Wendy L Macdonald
Thank you, Janet. I loved your honest observations about the need for some risks to be taken—by everyone—in the publishing industry. Like sweet Shelli, I feel I’m taking a risk by investing the time I have been to writing, reading, learning, and engaging in social media. Even as I tried to work at these things on the weekend, I had less sleep so I could keep up with my personal goals. I get up early so I’m not interrupted (and I’m not tempted to interrupt my dear husband with grammar questions). 🙂 This morning I’m way behind because my husband was home and I spent some of my usual writing time with him and caught up on it after he left.
I love the quote: failure and invention are inseparable twins (Yeah, I know I use the word “love” a lot—cause I’m a passionate person).
I risked querying last year, and I learned so much from the generous feedback I received. I also learned how kind and hardworking agents are. I’m excited to query again once I’ve completed something new and revised something old. Plus I’ll take the risk of having beta readers and critiques. Yes, I’m gonna keep jumping out of the plane. God’s got my parachute and my future. And one day I’ll look back and say it was worth it.
I loved this post. 😉
Blessings ~ Wendy Mac
Wendy, I so glad the post encouraged you to keep on. (I loved that “twin” quote, too.)
Wendy, if you ever have grammar questions, I’ll try to help you. I’m not the best and don’t claim to be, but I have come a long way. I never mind a grammar question, and I even enjoy researching the topic. If your husband is busy, try me first. If I don’t know, I’ll tell you. 🙂
What an encouraging and inspiring article! The biggest publishing risk I’ve taken is blogging about a loss that occurred within my homebirth midwifery practice. By the way, I actually have hurled myself from an airplane, and it was incredible!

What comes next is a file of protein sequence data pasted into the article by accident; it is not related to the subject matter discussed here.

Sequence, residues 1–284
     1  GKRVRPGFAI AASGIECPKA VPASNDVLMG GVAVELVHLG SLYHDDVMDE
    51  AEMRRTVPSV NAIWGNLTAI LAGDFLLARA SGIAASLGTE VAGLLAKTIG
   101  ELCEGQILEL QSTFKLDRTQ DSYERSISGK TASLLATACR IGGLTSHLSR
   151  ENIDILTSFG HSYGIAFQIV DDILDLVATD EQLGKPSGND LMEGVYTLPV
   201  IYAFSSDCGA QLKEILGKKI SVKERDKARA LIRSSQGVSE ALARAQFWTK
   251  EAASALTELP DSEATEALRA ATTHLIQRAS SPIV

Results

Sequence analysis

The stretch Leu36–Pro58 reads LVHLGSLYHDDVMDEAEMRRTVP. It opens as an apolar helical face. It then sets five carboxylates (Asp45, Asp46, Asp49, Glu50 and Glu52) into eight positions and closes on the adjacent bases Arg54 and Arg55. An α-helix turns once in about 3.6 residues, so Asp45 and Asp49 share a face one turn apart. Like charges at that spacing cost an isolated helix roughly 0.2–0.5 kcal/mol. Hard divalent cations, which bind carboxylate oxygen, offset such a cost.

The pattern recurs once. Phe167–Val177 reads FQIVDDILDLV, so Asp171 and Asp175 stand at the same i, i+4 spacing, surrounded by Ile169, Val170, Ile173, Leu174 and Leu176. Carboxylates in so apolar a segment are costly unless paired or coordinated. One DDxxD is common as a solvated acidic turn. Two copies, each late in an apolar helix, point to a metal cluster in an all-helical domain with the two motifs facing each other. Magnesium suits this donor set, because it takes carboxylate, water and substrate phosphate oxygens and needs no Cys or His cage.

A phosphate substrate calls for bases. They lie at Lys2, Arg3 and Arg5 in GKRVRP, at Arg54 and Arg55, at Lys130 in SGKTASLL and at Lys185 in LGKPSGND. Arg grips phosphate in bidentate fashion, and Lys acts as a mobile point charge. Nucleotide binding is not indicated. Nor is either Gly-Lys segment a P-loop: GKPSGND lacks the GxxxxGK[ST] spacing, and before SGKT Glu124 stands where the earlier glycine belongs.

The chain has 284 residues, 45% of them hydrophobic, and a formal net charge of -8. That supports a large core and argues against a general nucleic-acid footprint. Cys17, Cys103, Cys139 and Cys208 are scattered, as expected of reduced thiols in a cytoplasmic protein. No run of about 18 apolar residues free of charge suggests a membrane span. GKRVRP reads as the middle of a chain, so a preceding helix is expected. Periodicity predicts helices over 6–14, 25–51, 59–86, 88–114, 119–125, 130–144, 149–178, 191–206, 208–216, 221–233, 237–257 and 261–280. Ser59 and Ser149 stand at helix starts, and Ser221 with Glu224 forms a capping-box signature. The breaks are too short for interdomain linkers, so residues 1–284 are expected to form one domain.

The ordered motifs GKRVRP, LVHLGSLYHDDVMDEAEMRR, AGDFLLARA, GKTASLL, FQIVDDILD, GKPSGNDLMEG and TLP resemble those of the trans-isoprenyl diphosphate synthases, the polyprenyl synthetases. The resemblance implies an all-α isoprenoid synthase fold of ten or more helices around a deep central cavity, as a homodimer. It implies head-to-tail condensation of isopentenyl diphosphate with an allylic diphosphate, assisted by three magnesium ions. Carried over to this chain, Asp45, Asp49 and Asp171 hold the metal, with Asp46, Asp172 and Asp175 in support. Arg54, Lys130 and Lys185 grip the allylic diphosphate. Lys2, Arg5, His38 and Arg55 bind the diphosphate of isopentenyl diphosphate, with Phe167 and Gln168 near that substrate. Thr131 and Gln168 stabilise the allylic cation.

Kim, that would take a lot of vulnerability to write about that loss. I’m willing to bet you had a good response to being genuine. Thanks for letting us know the jump out of the plane was incredible. I, who am afraid of heights, am happy to read about your experience and let it go at that.
It was challenging to write and scary to post – I wanted to protect and honor the family involved, I wanted to be sensitive to those of my readers who’ve lost little ones, and l wanted to do the story justice. I sweated through the night prior to the post going live, and then through much of the next few days, but, yes, the response amazed me to tears. It was viewed over 900 times in two weeks, it was commented upon and liked and shared, it generated a number of wonderful conversations, and it renewed a nearly thirty-year dormant friendship ♥
Jumping from the plane was terrifying – I’m afraid of heights, too! But it was really something. I never want to do it again, but, yes, wow, really something!
Thank you, Janet 🙂
Kim, I get what you’re saying…deeply. I wrote Emerald Isle to try to exorcise a ghost.